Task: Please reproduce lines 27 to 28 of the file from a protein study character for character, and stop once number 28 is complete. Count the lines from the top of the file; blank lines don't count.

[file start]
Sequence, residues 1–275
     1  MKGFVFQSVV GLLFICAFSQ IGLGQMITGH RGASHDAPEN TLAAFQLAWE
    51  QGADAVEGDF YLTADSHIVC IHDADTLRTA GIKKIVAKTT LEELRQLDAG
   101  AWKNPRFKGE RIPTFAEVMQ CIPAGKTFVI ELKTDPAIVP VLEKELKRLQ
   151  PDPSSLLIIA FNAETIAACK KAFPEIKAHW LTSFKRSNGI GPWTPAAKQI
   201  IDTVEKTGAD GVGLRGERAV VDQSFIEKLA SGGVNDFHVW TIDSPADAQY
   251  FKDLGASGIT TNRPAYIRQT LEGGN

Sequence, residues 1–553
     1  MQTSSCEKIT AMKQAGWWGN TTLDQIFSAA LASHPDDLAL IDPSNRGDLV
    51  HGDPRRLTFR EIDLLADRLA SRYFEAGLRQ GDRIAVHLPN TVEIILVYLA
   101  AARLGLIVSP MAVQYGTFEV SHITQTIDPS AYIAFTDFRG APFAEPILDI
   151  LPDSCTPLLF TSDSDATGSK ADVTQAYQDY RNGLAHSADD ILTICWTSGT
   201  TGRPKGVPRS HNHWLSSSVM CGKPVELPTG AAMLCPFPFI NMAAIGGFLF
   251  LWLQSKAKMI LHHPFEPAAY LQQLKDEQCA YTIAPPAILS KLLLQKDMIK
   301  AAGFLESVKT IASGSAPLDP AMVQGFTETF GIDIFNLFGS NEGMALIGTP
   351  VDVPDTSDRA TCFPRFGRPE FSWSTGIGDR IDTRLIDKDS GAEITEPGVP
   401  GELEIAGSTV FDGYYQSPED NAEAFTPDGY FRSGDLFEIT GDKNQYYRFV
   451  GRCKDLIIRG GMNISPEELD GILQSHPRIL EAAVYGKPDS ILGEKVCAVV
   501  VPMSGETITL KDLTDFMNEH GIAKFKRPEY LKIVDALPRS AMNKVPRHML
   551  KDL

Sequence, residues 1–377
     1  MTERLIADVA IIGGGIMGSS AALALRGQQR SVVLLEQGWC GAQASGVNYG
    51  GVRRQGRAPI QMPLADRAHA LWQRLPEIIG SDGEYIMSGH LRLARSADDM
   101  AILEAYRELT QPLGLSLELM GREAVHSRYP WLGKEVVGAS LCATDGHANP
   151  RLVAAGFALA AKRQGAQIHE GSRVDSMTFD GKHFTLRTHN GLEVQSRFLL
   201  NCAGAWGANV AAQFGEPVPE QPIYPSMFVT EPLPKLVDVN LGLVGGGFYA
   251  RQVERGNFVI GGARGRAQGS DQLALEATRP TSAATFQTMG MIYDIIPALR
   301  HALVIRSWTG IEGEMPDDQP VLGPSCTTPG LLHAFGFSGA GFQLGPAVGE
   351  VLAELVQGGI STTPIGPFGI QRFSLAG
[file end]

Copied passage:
   251  RQVERGNFVI GGARGRAQGS DQLALEATRP TSAATFQTMG MIYDIIPALR
   301  HALVIRSWTG IEGEMPDDQP VLGPSCTTPG LLHAFGFSGA GFQLGPAVGE